The conventional wisdom is that e-commerce hype will save Internet stocks this fall so investors shouldn't fret about the recent downswing.
The thinking goes something like this:
"We expect a second-half rally driven primarily by consumers moving up to a considerably higher level of spending online across multiple retail categories with real money flowing across the Web," said Keith Benjamin, an analyst with BancBoston Robertson Stephens in a recent report.
| E-Commerce: Net stock savior? |
But that e-commerce fueled rally, however, may not happen.
It would be heresy not to see e-commerce fuel Net stocks this fall, but it isn't guaranteed.
Last year Internet stocks went bonkers on glowing projections for e-commerce. It didn't matter what the study was or who conducted it. E-commerce sales would be in the billions and investors gave Net stocks valuations like the revenue was already in the books.
The e-commerce pop kicked off in late September and October and carried Net stocks to big gains in the fourth quarter and the year. This year could be different.
For starters, these e-commerce projections are old hat now and Wall Street may be desensitized. And that doesn't count the fact that e-commerce is everywhere and isn't all that surprising these days.
On a recent vacation in France, a small wine vendor pointed me to his e-commerce site to buy wine in Francs back in the U.S. I wasn't terribly surprised.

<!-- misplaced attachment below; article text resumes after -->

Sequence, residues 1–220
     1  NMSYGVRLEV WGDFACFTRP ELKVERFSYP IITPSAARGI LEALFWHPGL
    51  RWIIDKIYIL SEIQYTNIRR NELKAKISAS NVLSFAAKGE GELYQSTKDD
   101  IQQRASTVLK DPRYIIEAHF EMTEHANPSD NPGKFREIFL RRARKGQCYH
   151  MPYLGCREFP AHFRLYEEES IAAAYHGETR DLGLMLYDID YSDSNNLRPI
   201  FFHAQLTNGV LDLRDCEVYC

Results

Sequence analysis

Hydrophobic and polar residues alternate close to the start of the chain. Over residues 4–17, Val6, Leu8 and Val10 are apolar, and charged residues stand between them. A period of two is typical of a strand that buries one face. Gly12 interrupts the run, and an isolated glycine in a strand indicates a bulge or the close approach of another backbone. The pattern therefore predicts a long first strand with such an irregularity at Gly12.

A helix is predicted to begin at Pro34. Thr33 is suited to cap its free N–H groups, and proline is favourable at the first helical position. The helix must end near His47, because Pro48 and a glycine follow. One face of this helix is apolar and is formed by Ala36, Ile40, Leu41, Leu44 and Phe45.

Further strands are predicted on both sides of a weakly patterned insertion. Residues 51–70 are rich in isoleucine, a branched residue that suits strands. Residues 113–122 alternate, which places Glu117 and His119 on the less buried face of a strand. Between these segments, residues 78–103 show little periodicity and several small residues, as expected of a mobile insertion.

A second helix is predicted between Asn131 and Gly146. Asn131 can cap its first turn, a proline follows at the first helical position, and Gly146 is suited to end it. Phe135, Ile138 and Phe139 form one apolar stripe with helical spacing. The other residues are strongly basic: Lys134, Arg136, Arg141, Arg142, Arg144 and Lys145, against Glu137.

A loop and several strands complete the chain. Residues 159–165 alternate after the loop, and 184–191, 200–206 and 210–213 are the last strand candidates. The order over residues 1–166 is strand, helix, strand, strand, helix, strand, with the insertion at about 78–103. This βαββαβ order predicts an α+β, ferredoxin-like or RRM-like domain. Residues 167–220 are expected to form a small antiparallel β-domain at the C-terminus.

No surprises. No hype. No big e-commerce fueled rally.
If the e-commerce studies -- JUPITER PREDICTS ECOMMERCE TO BE A $1 GAZILLION MARKET IN 2002 -- don't boost Net stocks Wall Street could be in for a shock.
"If we're all clued in to it investors may buy Net stocks ahead of the e-commerce talk and there may not be a rally at all," said Abhishek Gami, an analyst with William Blair.
Put simply, e-commerce may not bail out Net stocks this year. A lot of things can happen in the next two months -- psychology could change, folks could be euphoric and interest rates could be stable -- but the e-commerce-fueled rally may not be a given.
Instead of waiting for e-commerce to save the day, Gami said he is focusing on macroeconomic issues, namely interest rates. Net stocks get pounded when there's a threat of rising interest rates. Given the Federal Reserve is meeting August 24, Net stocks are running in place.
And given the Fed's history of moving in threes -- three rate hikes or three rate cuts -- the interest rate fears will last until the next meeting in October and Net stocks could be stagnant.
"When the fear of interest rate hikes goes away, we'll get a real rally," said Gami. "That's the real catalyst."
It's just like the old days. K-Tel International (Nasdaq: KTEL) spiked 30 percent Friday on a press release that amounts to zilch in the real news department.
Here's the so-called news: K-Tel retained Venture-Catalyst.com, a division of Inland Entertainment, to provide online strategy consulting.
This isn't the typical "exploring strategic alternatives" release. In fact it probably shouldn't have been a press release at all. K-Tel simply hired a consultant. Big deal.
At least the news got the message boards jumping. Here's one message board comment worth noting.
"The stock goes up because they are going to retain an Internet consultant. What has this consultant did for them so far?
1. Almost drive them into bankruptcy.
2. Almost got them delisted."